Last month I asked my friends to write about books they loved (you can read all the essays here). This month, I invited them to write about their favorite graphic novels, and they selected some excellent titles. I hope you enjoy them! (Read all the Great Graphic Novel essays here.) -- Mark
Fungus the Bogeyman, by Raymond Briggs
Hemet, California, Summer 1983. I was ten, my brothers and I were spending a few days with my grandparents. My grandma, in an attempt to keep us entertained against the high desert doldrums, took us to the local Pic N Save to buy a toy. I ended up in the book aisle with a remainder copy of Fungus the Bogeyman, by Raymond Briggs. Nothing could have been more foreign and alluring to my young mind.
Fungus is a green, six-fingered, triple-nippled, Bogeyman in the classic sense. He and his ilk are the things that go bump in the night, the boil engenderers, the stealers of blankets, and the cause of every other midnight nuisance. Briggs, perhaps best known for the wordless children’s book The Snowman, doesn’t just show us a day in the life of a typical Bogeyman, he describes and diagrams their subterranean physiology, customs, and culture in a way lesser artists would avoid.
The pages nearly drip with slime and muck. Even the endpapers look filthy. Upon preparing for another night of work, Fungus the Bogeyman takes a deep whiff of his disgusting trousers. “Mmmm! These really stink!” he exclaims. One page describes Bogeyman bicycles (a tank of filthy water beneath the seat aids in propulsion, a "bogeybag" up front allows the gentle wafting of noxious odors for the pleasure of the cyclist) against the backdrop of Fungus pedaling uphill to the surface, deep questions weighing down upon his psyche. On another page we see Fungus, still brooding on the meaning of his slimy existence, reading to his son from Where to Watch Drycleaners: A Field Guide to Surface Life, complete with a few excerpted diagrams. A “Drycleaner” is the bogey name for us surface dwellers, since we prefer both dryness and cleanliness.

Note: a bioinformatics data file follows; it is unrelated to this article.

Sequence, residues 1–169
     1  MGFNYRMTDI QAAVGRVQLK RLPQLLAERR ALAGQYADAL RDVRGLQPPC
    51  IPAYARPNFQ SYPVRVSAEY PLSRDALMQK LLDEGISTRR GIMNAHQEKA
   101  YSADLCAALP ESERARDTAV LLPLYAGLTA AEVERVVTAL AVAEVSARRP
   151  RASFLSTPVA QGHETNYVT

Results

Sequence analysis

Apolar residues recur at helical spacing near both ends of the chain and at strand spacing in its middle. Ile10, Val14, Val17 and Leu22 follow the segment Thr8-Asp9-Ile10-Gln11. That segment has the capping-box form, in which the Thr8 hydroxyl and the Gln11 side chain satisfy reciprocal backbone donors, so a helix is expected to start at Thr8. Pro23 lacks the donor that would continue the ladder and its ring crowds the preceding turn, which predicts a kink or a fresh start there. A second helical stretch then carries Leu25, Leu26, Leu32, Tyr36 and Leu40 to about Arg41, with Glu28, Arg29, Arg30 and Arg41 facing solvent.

In spite of our hero’s ongoing existential crisis, Briggs revels in every hilarious diagram, footnote, and lovingly crafted historical tangent. He even takes a moment or two to remind us that a Bogeyman could be headed, at this very moment, to WHERE YOU LIVE. Briggs loves the world he has created, and it’s as infectious as mildew. Mildew also happens to be the name of Fungus’ wife.
At ten, I didn’t think much about what it meant to be a grown up, let alone what people did at work all day. Fungus gave me a peek into life on the other side of childhood, and, even though I knew my future didn’t hold too much in the way of beds full of slugs or watching pigs stick to a wall for entertainment, it raised some questions. Would I get boils? What is a boil? Would I hate my job? Was everything drudgery, uncertainty, and ennui? I sure hoped not. But in the end, maybe it wasn’t so bad. After all, Fungus had a nice Bogey family, two slimy, green, hairless cats, and was the product of a rich and gooey heritage, even if he didn’t see it.
Fungus the Bogeyman